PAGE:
Gordon Brown should be criticised if he does not propose a root and branch reform of corporation tax within the life of this parliament.
The only thing on which everyone agreed after Gordon Brown’s first Budget was that corporation tax was very complicated. It is certainly sufficiently complicated that you cannot produce a definitive reform in six weeks. But it is not that complicated, so here is an attempt to explain the relevant principles.
Begin by noticing that there is no such thing as a tax on corporations. All the tax bills that corporations foot – whether for VAT, national insurance or corporation tax – are ultimately paid by individuals; the individuals who own shares in corporations, or consume products made by corporations, or who work for corporations, or who derive pensions from corporations. But sometimes it is difficult to work out who these individuals are.
Much of the difficulty surrounds advance corporation tax. And there the mystery falls away once it is understood that advance corporation tax is not corporation tax at all. It is income tax. Every penny that was paid in advance corporation tax between its introduction in 1973 and its reform in 1993 would have been paid at exactly the same time, in exactly the same amount, and in exactly the same way, if corporation tax had been completely abolished. Advance corporation tax is simply the withholding of income tax on shareholders’ dividends. It is precisely analogous to the deduction of income tax at source on rents and interest, and the retention of tax on earnings under PAYE.
It was called advance corporation tax for technical reasons now lost in the mists of time. But this semantic issue created much subsequent confusion. The changes to advance corporation tax, made first in 1993 and now again in 1997, had consequences for the structure of both income tax and corporation tax which are difficult to unpick and which would probably not be adopted if their consequences were more transparent.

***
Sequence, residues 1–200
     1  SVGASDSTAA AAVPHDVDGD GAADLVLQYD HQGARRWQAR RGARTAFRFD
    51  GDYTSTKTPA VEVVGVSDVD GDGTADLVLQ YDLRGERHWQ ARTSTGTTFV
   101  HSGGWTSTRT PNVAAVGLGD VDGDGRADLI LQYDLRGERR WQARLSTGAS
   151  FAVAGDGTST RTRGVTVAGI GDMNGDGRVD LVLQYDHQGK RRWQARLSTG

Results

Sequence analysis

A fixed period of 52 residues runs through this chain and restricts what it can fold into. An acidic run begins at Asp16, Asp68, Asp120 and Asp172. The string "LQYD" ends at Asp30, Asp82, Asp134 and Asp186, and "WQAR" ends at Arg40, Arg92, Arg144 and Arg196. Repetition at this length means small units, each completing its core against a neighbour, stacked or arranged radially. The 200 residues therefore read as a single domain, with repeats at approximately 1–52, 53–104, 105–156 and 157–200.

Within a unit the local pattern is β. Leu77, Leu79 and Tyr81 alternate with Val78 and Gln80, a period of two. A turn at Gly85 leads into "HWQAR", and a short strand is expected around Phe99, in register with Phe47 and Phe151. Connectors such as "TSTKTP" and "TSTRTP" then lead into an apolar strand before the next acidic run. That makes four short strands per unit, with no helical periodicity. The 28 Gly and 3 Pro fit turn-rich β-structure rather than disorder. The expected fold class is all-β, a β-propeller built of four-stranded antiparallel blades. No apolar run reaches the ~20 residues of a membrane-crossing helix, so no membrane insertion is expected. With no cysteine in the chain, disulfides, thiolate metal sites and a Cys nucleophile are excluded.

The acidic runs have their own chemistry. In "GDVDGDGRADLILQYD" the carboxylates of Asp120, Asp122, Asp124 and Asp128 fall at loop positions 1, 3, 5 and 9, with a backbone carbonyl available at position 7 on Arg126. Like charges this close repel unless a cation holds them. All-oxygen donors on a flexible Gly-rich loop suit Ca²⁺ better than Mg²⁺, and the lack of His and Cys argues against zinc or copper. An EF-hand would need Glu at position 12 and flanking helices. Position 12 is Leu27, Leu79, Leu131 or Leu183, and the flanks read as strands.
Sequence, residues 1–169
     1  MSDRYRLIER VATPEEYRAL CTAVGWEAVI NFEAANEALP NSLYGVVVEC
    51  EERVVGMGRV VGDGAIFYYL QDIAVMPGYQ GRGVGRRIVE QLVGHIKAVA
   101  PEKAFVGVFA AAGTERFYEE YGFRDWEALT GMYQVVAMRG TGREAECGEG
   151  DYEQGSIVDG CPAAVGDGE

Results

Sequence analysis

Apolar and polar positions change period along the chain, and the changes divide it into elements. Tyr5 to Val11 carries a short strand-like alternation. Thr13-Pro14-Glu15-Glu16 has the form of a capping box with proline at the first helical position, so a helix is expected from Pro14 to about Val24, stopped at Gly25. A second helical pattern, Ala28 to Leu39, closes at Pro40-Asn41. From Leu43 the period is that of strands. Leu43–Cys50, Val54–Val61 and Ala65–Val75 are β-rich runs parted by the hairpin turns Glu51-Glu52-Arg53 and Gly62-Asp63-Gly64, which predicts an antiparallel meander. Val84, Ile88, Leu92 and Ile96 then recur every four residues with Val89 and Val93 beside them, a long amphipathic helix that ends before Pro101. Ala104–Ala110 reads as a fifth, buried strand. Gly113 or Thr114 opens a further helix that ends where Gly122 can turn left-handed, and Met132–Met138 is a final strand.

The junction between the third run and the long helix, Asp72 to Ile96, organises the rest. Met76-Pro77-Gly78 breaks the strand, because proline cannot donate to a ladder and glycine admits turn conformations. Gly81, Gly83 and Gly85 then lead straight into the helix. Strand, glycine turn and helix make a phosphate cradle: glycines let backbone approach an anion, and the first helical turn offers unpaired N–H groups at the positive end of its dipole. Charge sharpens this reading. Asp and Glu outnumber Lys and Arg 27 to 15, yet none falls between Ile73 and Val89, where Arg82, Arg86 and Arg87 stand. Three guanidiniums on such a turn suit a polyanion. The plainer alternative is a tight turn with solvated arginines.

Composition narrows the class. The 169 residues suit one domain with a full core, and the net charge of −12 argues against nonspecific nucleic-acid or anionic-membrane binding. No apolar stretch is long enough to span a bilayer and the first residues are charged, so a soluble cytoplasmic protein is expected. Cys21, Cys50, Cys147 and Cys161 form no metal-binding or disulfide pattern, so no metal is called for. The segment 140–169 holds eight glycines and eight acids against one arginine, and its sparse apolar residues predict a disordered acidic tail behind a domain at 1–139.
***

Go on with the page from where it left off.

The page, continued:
So what are the purposes of corporation tax? To raise money, of course; but to do so in a way which, taken together with all the other taxes people pay, does the minimum of economic damage. So one objective of the structure of corporation tax and income tax is that people should pay tax on the returns from company securities in much the same way they would pay if they deposited in banks or invested in property; otherwise you will see tax avoidance and investment which is motivated by tax advantages rather than underlying profitability. The Budget takes us away from this objective, not towards it.
Now many firms earn returns which are substantially higher than is needed to persuade people to invest in the activities concerned. Sometimes this is because they have monopolies – utilities or lotteries; sometimes because they have access to scarce resources – oil reserves or radio spectrum or valuable copyrights or patents; and sometimes simply because these companies are very good at what they do – Rolls Royce or Marks & Spencer. Taxing these returns – which economists call rents – is attractive to Chancellors who can raise large revenues from them at little cost. You can collect a lot of money from these activities before any of them will close down.